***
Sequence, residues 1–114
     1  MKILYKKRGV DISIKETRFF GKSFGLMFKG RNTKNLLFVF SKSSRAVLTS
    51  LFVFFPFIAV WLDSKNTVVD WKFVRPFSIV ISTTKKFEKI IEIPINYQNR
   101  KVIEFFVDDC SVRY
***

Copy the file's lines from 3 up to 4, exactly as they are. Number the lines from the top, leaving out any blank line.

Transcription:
    51  LFVFFPFIAV WLDSKNTVVD WKFVRPFSIV ISTTKKFEKI IEIPINYQNR
   101  KVIEFFVDDC SVRY